A couple of weeks ago I had the good luck and privilege of being a part of a group of scholars for a trip to the Vidyashankar temple in Sringeri. The group consisted of various intellectuals involved in the study of the Indic culture. We had writers, scholars, professors, dancers etc amongst us. We were to be led by Mr. Viswa N Sharma, author of ‘Sringeri Vidyasankara Temple Astronomical Theater’, a book where he has chronicled his decade long study of the temple. Of particular interest to us were the pillars of the zodiac found in the mandapam of the temple.
Lately I’ve started to appreciate the art, architecture and history enshrined in the temples of India and elsewhere. As my yoga studies deepen, I have started to appreciate the interconnectedness between spirituality, worship, history, yoga, dance and Life. Sometimes I catch myself wondering if this is perhaps an indication of a natural deepening of my interest in yoga – after all, from the gross we move to the subtle – from our asana practice on the mat we move towards the yoga found in our worlds.
The Ancient Town of Sringeri
Sringeri is a quaint temple town up nestled in the Western Ghats. Its location ensures a moderate temperature year round, a boon to devotees coming to visit the numerous ancient and splendid temples in this place. A boon too for scholars of Advaita Vedanta doing research at the Sri Shankara Advaita Research Center. The center is off limits to visitors, but we were lucky enough to gain access and spend time in their library, looking at rare manuscripts and speaking to the scholars there.
This town is also popular on the pilgrim route because Adi Shankaracharya chose to establish the first of his four mathas in this location. Legend has it that he meditated across from the site of the Vidyashankara temple, and one day as he was coming out of his meditation he saw a frog giving birth and a cobra providing it shade with his hood. He sensed that there was something holy and peaceful about the land and decided it should be the site of the temple.
Because the temple promotes learning, knowledge, debate and supports study and scholarly pursuits, the energy on the temple premises is unique. We were granted an audience with the current Shankaracharya and it was my first experience of its kind. The Shankaracharya exudes an aura of learning, peace and quietude that is relatable. The faith and belief here is not blind, on the contrary, it is based on reasoning and study. When the temple learned that we were a group of scholars, they felicitated us with books, prasadam and saris, which made our visit even more memorable. Many of us also found very interesting books in the bookstore – I’d highly recommend a visit if you’re at the temple.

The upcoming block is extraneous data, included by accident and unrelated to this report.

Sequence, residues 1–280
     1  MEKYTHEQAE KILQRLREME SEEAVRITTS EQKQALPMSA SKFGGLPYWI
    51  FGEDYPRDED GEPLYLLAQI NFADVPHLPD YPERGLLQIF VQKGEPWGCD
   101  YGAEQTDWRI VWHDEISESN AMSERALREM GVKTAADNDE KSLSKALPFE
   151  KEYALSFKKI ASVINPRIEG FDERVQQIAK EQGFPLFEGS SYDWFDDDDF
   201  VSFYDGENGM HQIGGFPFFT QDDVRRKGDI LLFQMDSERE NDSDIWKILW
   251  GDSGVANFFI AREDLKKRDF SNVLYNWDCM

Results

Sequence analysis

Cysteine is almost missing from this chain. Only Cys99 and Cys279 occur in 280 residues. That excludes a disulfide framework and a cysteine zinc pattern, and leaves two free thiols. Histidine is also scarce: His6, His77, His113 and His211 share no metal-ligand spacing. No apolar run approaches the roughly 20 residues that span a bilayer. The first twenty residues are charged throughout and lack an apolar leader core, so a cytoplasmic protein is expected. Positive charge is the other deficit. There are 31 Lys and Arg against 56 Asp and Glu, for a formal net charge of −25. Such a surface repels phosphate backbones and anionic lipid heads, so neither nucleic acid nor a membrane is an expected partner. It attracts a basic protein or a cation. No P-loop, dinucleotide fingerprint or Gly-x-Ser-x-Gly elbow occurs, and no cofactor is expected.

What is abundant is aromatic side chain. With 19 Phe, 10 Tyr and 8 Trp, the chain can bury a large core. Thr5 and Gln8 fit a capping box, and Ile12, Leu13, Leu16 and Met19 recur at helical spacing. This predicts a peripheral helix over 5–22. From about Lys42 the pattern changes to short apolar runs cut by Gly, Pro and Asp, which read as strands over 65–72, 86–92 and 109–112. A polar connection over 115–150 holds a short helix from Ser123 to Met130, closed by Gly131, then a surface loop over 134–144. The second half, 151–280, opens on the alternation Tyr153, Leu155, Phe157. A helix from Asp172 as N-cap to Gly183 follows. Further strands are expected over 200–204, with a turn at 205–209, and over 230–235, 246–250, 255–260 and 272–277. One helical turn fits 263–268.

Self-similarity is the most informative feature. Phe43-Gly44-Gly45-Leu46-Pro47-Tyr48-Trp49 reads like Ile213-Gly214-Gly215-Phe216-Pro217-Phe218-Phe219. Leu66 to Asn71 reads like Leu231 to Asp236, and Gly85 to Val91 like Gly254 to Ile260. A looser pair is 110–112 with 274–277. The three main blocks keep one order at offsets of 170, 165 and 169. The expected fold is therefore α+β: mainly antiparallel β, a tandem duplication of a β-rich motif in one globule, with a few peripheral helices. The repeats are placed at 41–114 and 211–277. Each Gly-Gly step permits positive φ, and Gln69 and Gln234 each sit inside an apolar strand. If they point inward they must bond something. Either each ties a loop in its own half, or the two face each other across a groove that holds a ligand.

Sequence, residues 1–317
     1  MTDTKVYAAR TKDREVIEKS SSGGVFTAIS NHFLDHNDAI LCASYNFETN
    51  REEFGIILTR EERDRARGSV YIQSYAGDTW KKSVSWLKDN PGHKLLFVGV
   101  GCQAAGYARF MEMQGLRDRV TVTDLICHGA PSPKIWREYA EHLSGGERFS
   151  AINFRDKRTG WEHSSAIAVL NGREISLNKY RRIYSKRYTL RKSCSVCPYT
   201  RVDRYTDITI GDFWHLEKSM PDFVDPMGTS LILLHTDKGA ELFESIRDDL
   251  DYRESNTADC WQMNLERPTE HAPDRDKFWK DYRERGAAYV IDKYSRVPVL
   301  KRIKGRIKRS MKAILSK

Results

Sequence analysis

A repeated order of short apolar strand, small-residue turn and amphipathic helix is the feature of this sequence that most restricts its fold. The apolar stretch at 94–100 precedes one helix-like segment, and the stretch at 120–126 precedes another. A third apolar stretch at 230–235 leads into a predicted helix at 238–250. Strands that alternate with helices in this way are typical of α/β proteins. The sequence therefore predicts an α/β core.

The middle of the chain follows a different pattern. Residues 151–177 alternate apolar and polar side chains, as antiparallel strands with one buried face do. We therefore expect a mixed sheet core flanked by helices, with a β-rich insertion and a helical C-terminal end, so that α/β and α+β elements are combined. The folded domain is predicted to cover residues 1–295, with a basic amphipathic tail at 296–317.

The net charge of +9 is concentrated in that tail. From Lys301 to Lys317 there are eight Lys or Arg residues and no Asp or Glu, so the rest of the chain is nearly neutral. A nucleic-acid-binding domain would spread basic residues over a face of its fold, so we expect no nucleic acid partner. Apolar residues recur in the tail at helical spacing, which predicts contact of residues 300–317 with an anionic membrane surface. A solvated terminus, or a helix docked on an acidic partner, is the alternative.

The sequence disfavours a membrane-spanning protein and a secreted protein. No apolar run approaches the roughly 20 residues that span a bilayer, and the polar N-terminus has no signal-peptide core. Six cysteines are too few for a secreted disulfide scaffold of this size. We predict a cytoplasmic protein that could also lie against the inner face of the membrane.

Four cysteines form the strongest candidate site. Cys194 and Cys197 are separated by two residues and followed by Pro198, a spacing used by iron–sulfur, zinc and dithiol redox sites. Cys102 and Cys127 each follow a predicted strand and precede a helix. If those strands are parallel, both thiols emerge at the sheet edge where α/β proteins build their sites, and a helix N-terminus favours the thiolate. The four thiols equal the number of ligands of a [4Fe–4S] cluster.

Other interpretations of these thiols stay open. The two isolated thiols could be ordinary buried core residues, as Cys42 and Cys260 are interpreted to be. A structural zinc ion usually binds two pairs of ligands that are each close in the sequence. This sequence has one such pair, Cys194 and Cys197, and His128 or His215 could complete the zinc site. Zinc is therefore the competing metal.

The Sun Temple at Sringeri
The Vidyashankara Temple is a 14th century temple and depicts a time when Indian temples were also used to keep time. This temple in particular is unique in that the navaranga (the hall inside a temple sometimes used as a dance platform or a stage) contains 12 pillars dedicated to the signs of the zodiac. As we circumambulated the temple Mr. Sharma told us that this represents breaking free of our entanglements with the world. We walk barefoot in temples and other places of worship to allow the sacred energy of such places to permeate our bodies. Mr. Sharma also told us that the structure of the temple represents our movement from the gross to the subtle to reach moksha. The act of going to a temple is symbolic of our journey from this realm to the next.
The Yoga Connection
As usual, my attention was constantly drawn to the yoga connection, and I found a lot of carvings on the temple walls depicting yogasanas.
If you want to learn more about this temple, here’s an interesting paper I found about the temple: Aspects of Observational Astronomy in India: The Vidyasankara Temple at Sringeri. Another temple I had a wonderful time at was the Perur Pateeshwara temple, check out that blog too.